Gonçalo Guedes spent another two seasons at Benfica before Paris Saint-Germain paid the Eagles €30 million in 2017 for the then 20-year-old. He found it tough in Paris but succeeded on loan at Valencia, the La Liga club making the deal permanent in 2018 for €40 million. Guedes scored the winner against Netherlands in the 2019 UEFA Nations League Final at the Estádio do Dragão, his third goal in his 16th cap.
Rony Lopes was snapped up by Manchester City from Benfica’s U17 squad for just €1 million in 2015. He was sold to Monaco for €12 million following the U20 World Cup and spent a season and a half on loan at Lille before returning to Monaco in June 2017. Despite flashes of excellence, his career has been badly marred by injuries.
André Silva remained at FC Porto for another season before AC Milan signed the striker for €38 million. It didn’t work out in Serie A, and after a promising start a loan spell at Sevilla ended up falling flat and he lost his place in the national team. With 15 goals in 33 caps to his name, the 2019-20 season will be crucial for Silva as he attempts to get back to the top level.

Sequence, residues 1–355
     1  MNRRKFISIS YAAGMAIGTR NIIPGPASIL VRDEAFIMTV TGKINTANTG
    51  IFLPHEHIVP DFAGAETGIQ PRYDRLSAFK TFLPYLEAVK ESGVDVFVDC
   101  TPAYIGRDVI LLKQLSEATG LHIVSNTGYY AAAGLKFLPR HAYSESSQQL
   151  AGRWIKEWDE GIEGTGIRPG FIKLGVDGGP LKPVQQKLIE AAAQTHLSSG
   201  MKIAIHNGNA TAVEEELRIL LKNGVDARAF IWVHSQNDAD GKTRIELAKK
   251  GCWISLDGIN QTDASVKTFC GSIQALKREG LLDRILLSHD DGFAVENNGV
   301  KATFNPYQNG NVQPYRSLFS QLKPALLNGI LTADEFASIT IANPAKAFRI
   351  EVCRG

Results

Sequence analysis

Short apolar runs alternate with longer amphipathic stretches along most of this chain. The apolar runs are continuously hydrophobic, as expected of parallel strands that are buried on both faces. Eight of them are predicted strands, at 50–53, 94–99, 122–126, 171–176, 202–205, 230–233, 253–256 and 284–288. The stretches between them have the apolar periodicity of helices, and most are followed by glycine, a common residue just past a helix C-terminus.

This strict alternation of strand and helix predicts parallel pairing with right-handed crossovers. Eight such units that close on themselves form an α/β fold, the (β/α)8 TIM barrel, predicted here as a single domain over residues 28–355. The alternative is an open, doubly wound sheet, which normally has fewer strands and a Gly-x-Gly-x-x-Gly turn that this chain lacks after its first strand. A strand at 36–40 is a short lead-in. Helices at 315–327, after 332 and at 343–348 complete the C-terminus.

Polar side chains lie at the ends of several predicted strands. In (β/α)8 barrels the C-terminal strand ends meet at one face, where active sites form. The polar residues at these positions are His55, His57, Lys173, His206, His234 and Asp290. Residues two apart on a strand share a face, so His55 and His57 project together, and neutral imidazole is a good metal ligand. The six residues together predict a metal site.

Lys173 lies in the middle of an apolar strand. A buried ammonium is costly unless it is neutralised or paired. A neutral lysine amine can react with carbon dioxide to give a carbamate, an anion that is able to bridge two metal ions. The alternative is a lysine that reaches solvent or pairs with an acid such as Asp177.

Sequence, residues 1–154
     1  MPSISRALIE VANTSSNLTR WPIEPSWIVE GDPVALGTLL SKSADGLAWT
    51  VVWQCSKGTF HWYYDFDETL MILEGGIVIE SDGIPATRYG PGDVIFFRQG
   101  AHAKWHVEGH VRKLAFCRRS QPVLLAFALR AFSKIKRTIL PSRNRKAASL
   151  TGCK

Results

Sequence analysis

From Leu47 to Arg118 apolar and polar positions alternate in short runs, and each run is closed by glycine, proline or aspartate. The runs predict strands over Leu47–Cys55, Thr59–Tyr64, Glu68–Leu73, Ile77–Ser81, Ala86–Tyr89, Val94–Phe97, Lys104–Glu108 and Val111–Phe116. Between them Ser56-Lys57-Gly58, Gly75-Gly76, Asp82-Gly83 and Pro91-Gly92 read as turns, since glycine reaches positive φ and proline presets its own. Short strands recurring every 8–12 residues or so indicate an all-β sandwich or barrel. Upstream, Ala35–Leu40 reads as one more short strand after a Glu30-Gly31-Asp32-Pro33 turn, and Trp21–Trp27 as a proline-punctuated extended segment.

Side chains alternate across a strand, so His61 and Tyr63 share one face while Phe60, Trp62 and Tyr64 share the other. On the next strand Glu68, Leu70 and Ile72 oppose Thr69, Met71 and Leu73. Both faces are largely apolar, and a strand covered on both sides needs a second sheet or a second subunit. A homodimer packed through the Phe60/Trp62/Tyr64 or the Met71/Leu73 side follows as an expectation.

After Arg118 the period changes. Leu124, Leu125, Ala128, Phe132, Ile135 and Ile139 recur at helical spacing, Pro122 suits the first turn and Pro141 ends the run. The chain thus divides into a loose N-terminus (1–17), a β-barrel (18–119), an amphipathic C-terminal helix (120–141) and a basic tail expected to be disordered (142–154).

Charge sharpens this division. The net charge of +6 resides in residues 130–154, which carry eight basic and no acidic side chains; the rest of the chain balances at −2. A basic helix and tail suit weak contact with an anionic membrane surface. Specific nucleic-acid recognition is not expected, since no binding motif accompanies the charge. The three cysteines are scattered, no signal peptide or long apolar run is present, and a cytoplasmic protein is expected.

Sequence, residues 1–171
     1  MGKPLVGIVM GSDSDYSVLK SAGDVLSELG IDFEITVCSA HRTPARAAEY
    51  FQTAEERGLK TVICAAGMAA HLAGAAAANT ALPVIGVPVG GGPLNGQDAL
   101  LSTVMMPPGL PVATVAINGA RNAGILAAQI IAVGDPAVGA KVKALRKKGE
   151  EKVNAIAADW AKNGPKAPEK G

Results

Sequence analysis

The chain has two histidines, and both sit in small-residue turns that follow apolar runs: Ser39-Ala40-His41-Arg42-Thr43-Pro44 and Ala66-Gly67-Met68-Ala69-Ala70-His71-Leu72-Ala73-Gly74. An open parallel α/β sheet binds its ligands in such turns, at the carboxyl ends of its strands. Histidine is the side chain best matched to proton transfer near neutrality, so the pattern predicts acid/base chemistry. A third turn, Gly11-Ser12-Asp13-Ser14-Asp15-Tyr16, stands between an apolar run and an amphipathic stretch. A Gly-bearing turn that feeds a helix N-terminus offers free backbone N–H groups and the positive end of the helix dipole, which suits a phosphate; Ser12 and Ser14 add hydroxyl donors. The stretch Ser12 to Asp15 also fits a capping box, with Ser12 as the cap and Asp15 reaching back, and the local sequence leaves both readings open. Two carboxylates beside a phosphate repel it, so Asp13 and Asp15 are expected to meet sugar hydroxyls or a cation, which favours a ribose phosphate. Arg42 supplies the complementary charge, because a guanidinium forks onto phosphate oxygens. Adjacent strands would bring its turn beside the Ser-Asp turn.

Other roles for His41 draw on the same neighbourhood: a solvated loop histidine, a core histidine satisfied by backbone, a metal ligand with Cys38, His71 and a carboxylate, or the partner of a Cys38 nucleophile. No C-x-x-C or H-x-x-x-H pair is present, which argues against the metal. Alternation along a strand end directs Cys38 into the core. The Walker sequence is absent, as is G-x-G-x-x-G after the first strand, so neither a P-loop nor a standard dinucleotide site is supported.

Gelson Martins jumped at the chance to leave Sporting amid the 2018 crisis with Atlético Madrid paying a €22.5 million fee. He couldn’t force his way into the starting XI under Diego Simeone and was loaned to Monaco in January 2019, the principality side making the deal permanent for €30 million in July 2019.
2017 FIFA U20 World Cup - South Korea
Emílio Peixe took charge in South Korea as Portugal scraped into the knockout rounds. A 2-1 defeat against Zambia was a bad start with Hélder Ferreira’s 91st-minute goal a mere consolation. Diogo Gonçalves scored a penalty in the 1-1 draw against Costa Rica and he was on target again with the equaliser against Iran, Portugal requiring an 86th-minute own goal to secure a 2-1 win and qualification to the round of 16.